In order to cover lower limb substance losses, the leg is divided in thirds (proximal, middle and distal) [2, 10]. For the proximal third of the tibia, the gastrocnemius muscle flap is the best choice. For the middle third, the soleus muscle flap is a good option, being frequently used [2, 7, 8]. Sural flaps can reconstruct the distal third of the tibia, for example. Besides that, free flaps are an option to all regions, though, in case of trauma, it is harder to prepare the receiving area after 72 hours because of fibrosis formation and tissue devitalization. After this procedure, grafts can be necessary to cover skin [9].

One of the best options for regional reconstruction is the use of muscle flaps, due to its ability to cover injuries, increase local circulation and fight infections [3]. The muscle also provides a good environment for osteogenesis, because of the expression of transforming growth factor-β (TGF-β), interleukine-6 (IL-6) and fibroblast grow factor-2 (TNF-2) [4, 5]. Another option is the fasciocutaneous flap, that is less invasive than the muscle flap and has higher blood flow and tissue oxygen tension. Despite that, the muscle has a greater and faster wound repair, considering the facts mentioned above [4]. Another one is the perforator propeller flap, that has good blood supply and preserves the vascular axes of the limb, although it needs a meticulous dissection to isolate the vessels, being careful not to damage them. Besides that, primary closure of the donor site is allowed in most of the cases [12]. If all of these flaps were compared, fasciocutaneous and perforator propeller flap provide a relative facility of elevation if a secondary procedure was necessary [5], but muscle flaps are still the best option for covering leg wounds.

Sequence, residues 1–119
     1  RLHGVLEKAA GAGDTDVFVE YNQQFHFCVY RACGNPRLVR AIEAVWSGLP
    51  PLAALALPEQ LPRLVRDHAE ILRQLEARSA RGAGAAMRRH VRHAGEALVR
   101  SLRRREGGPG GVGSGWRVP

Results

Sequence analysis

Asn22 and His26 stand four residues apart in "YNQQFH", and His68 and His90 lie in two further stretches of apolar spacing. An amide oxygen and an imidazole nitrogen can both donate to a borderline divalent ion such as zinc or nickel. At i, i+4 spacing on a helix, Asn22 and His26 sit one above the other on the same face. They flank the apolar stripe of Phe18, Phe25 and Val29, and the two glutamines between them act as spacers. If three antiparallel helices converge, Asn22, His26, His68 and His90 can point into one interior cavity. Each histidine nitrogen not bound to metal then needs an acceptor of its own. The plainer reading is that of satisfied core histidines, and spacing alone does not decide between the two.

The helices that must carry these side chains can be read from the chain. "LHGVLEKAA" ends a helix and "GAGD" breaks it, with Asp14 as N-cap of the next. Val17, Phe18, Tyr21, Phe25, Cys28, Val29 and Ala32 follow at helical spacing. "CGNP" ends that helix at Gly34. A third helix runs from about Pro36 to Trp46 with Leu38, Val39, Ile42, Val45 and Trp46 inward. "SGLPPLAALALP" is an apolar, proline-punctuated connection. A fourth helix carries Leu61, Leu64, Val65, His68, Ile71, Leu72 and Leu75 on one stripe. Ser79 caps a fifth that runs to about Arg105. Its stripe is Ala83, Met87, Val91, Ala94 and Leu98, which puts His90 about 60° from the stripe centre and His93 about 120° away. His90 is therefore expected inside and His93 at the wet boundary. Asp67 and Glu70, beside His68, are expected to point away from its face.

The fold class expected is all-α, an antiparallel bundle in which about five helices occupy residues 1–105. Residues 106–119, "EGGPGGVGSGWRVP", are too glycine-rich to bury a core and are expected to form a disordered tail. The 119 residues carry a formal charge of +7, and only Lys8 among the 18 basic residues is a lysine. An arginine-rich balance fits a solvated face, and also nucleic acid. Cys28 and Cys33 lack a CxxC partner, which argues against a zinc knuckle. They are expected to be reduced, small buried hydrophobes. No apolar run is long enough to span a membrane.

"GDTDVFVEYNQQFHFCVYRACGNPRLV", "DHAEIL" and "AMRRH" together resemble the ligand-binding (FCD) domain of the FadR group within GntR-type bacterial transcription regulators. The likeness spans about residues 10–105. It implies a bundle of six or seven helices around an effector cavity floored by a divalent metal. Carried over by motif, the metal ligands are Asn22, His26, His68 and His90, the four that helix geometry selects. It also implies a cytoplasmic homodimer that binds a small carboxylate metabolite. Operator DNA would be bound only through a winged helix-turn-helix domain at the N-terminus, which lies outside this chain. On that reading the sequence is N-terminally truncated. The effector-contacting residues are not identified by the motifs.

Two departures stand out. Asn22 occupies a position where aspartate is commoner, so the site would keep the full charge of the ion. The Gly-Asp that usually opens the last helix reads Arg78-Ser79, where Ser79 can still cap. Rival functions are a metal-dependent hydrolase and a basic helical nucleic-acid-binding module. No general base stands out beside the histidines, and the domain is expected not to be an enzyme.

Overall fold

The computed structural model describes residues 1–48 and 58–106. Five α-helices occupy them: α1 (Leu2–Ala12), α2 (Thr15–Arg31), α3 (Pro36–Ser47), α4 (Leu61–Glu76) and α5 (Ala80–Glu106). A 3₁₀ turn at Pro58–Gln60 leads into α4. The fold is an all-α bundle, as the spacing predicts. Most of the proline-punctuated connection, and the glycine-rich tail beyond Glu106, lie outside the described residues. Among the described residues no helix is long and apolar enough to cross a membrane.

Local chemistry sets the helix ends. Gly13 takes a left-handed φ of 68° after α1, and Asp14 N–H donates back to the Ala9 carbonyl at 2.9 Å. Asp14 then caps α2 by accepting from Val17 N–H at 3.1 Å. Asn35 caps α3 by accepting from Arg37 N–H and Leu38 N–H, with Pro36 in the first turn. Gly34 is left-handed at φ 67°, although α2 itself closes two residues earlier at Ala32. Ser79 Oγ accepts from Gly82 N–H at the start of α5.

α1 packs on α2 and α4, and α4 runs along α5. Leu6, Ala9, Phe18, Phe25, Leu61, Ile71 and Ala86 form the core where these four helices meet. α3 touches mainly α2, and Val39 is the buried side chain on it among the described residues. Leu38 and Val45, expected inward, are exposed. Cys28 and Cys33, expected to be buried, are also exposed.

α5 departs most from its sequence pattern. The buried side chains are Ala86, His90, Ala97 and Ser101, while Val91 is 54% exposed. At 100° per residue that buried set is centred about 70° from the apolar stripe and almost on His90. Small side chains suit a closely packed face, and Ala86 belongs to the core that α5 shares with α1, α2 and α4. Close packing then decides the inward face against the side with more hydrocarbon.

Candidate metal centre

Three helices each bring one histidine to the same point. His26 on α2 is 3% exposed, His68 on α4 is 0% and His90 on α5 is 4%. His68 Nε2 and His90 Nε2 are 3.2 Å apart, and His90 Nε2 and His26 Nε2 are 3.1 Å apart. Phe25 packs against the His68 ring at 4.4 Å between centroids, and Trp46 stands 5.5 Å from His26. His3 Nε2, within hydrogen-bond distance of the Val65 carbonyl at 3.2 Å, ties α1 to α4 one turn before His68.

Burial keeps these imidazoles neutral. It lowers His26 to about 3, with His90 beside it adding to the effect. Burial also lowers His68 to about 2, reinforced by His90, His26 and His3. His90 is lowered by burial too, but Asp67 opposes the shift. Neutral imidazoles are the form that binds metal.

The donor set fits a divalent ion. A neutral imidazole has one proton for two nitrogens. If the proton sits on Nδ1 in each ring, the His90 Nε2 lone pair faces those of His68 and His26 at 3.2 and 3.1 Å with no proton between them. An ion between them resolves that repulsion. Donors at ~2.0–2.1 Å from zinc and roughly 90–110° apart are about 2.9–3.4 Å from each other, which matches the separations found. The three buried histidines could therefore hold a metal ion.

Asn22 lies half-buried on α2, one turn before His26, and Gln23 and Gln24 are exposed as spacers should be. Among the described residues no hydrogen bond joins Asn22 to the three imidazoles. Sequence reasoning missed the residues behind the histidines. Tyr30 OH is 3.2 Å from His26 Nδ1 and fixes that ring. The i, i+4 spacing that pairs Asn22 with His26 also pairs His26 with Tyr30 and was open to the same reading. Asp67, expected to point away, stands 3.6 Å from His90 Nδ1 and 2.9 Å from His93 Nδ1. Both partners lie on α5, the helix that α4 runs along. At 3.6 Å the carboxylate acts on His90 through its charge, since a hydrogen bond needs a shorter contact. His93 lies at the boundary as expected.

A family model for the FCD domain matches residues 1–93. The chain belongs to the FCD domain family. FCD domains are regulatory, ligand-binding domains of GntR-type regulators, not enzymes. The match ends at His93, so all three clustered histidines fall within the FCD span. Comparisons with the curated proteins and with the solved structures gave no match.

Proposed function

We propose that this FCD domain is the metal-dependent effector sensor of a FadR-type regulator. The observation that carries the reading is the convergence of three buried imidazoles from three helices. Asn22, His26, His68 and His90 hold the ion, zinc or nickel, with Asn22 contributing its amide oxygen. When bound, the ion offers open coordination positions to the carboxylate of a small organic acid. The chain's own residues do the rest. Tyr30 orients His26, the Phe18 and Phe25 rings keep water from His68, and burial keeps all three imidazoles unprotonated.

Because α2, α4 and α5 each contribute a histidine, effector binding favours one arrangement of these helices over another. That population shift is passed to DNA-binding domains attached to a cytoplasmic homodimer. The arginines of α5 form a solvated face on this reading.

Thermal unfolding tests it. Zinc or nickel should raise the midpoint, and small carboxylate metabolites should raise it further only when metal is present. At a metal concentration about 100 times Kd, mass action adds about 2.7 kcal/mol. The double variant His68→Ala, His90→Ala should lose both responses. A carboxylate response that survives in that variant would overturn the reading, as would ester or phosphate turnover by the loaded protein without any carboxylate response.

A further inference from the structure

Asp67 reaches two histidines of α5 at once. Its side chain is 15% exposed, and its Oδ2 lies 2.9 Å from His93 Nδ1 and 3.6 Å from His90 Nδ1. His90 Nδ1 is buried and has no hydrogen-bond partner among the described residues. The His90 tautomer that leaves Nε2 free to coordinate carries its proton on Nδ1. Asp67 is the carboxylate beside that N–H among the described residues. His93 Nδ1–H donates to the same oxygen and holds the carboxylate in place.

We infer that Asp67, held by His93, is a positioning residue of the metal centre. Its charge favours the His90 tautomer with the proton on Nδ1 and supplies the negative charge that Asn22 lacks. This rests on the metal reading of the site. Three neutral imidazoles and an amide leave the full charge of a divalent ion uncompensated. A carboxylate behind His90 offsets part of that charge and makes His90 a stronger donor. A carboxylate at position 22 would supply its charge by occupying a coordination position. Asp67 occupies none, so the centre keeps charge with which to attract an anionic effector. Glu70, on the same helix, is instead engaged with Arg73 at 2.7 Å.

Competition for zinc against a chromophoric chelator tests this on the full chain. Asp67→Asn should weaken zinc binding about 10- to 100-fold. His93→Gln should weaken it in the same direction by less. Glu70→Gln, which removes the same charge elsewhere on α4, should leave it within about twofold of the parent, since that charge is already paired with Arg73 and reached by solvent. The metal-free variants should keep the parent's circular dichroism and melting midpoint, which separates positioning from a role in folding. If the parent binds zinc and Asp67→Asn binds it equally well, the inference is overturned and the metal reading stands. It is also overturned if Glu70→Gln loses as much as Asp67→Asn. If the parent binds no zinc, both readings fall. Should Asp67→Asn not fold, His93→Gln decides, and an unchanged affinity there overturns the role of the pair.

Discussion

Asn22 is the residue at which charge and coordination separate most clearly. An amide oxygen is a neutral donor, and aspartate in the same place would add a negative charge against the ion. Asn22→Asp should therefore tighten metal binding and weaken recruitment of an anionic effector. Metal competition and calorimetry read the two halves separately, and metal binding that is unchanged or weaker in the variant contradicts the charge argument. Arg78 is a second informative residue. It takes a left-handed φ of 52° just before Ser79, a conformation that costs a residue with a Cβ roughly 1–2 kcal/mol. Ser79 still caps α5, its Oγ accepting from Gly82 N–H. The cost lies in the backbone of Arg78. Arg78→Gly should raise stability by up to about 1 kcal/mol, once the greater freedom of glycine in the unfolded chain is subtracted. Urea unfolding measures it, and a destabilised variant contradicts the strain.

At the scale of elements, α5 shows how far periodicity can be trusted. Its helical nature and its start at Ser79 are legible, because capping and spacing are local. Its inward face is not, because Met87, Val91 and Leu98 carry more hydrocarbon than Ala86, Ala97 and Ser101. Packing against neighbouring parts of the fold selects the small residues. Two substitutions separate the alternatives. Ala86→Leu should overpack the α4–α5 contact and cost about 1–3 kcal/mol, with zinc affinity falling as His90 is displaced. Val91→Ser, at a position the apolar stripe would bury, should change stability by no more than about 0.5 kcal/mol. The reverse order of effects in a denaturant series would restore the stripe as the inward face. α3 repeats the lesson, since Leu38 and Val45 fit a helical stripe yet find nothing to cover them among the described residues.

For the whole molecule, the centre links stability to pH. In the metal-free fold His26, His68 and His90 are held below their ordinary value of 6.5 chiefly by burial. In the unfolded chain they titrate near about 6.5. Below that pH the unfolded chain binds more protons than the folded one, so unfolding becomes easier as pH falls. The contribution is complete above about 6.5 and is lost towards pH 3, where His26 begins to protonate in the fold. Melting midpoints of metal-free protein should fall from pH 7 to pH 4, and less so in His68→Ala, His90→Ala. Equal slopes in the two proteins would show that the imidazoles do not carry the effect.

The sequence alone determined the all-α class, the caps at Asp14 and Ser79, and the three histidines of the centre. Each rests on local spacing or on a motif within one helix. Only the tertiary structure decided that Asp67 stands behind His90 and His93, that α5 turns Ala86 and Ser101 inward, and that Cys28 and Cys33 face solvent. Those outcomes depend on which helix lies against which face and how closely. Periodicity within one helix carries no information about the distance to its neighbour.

Among the muscle flaps, the soleus seems to be the best option to cover wounds in the middle third of the leg. It was indicated for injuries caused by trauma and had clinical application in ulcers and osteomyelitis too [13].

The soleus is a large muscle, located in the deep posterior region of the leg and originated in the superior part of the fibula, in the intermuscular septum and in the soleus muscle line in the tibia [1, 2, 3]. It is richly vascularized by the posterior tibial artery and its secondary pedicles [1, 2, 8]. As a muscle flap, it has been used to ensure a rich vascular supply to skin flaps [13]. Its major function is the plantar flexion of the foot [3], but when the muscle is cut, it loses its function, being taken over by the gastrocnemius [2, 16].

The use of this flap is a good way to repair lesions because it is an easy technique [8] and has great versatility, with a vast arc of rotation and volume, being able to cover bone areas [3]. Also, it is useful for controlling infection [1, 13] because muscle flaps allow the supply of antibiotics substances [2]. In addition to that, this muscle flap has minimal complications and sequels [11].

Conclusions

In this study, the soleus muscle flap was used to repair middle third of the leg wounds in selected patients. This is an easy procedure, with good coverage and satisfactory results. Moreover, it has minimal functional sequelae. In all cases, the objective was achieved with a great evolution. Therefore, the value of this paper is to reiterate the fact that even though it is an old technique, muscle flaps should not be forgotten, as they may, in some occasions, be a valuable option as local flap.